Many current immigrants come for similar reasons. But many others come to take what they can from the “rich gringos,” who (they believe) got rich by exploiting the poor. They come bringing with them from home their notion of an authoritarian government. But they do not see America as their new home. They see it as a place of looted riches, from which they are entitled to take whatever they can get. Their allegiance is to their ethnic group and leftism, not to America and American ideals. They are not being Americanized – they don’t want to be, and we aren’t even trying.
Now we come to the third question: What can we Americans do?
● We can insist that schools and universities offer balanced courses using balanced textbooks. We can see that they hire educators who want to teach, not indoctrinate.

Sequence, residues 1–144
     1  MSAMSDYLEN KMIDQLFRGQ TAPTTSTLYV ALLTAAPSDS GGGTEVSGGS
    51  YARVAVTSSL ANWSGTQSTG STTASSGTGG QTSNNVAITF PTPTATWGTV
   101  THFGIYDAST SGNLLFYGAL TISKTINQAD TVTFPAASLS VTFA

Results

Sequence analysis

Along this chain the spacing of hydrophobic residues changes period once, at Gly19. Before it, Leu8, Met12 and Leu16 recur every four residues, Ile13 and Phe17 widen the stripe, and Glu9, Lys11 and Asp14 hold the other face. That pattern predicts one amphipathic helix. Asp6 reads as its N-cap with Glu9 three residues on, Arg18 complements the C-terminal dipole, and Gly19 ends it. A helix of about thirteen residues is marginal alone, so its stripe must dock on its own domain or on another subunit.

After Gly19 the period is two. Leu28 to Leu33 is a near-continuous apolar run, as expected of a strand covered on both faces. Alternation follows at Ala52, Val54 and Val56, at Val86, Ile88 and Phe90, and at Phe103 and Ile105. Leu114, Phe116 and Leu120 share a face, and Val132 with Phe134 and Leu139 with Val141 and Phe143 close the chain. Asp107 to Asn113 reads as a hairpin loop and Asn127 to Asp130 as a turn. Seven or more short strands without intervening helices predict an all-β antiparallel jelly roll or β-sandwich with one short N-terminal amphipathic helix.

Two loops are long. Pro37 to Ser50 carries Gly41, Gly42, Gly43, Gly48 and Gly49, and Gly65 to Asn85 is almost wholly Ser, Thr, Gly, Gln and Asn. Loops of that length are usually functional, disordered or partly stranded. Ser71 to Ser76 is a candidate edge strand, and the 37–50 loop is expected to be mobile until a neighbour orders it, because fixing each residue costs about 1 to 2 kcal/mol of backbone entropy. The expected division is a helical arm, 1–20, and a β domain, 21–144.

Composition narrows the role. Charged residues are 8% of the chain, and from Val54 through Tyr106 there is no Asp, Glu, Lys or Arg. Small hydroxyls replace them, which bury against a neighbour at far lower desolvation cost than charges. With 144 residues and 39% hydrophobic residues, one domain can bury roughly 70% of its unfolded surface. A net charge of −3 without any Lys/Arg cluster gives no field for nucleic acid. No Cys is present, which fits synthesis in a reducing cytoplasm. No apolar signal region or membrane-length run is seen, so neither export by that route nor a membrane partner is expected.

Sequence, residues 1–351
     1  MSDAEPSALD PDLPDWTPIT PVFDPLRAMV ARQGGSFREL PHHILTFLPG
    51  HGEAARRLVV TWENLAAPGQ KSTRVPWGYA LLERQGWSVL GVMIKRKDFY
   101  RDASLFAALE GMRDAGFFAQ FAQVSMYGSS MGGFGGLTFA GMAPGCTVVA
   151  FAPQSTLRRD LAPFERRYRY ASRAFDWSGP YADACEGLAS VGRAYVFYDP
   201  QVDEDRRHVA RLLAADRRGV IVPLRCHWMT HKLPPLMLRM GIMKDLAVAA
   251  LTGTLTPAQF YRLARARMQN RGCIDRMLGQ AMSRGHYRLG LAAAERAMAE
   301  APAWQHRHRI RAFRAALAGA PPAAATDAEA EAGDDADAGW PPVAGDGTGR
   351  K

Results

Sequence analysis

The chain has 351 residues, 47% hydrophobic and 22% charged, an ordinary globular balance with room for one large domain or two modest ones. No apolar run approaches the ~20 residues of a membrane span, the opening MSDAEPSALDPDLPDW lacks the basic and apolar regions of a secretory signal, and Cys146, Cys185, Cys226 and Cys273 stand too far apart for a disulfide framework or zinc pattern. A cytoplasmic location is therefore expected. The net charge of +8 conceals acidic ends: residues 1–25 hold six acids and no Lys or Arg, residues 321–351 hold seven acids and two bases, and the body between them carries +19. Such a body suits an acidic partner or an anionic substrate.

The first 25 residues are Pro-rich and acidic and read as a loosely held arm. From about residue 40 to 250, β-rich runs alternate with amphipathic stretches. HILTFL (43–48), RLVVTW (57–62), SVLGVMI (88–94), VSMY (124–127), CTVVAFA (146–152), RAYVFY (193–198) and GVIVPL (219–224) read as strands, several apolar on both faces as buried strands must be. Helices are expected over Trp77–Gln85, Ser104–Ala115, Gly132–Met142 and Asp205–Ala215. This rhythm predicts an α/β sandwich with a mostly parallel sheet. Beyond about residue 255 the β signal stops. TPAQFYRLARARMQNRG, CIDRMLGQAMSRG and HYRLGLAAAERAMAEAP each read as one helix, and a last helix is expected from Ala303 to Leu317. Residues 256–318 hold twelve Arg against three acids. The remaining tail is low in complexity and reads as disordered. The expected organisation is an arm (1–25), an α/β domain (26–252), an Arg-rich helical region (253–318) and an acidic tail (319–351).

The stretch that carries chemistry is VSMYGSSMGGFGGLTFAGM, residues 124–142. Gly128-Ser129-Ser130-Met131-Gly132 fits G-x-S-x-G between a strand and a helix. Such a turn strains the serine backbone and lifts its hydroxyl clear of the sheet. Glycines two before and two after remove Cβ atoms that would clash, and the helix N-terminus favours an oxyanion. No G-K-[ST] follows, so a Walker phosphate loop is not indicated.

● We can refuse to patronize films that slander our religion, our nation, our government, and our military.
●We can demand that ballots be printed only in English – a reasonable request, since a reading knowledge of English is required for citizenship.
● We can demand photo ID for voting, so we have at least a vague idea of the people who are choosing our leaders.
● We can control our borders, so we have at least a vague idea of the people who are entering our country.
● We can elect leaders who do not encourage people to see our country as a piñata – and who do not see it as a piñata themselves.
For most people, the symbol of America is the bald eagle. This magnificent bird soars to great heights and is fierce in protecting its young. It evokes inspiration and admiration. But to an increasing number of people, the symbol of America is the piñata, which often takes the form of a jackass. It gives out goodies when it is hit, but when it is empty, it is discarded in the trash. It evokes only laughter.
Just as our founders demanded No taxation without representation, we must demand No immigration without Americanization. Or we can just forget the whole thing and take a whack at the piñata ourselves. Who knows? We might get lucky and wind up with a pile of goodies. More likely, we will find out, too late, that we are the piñata.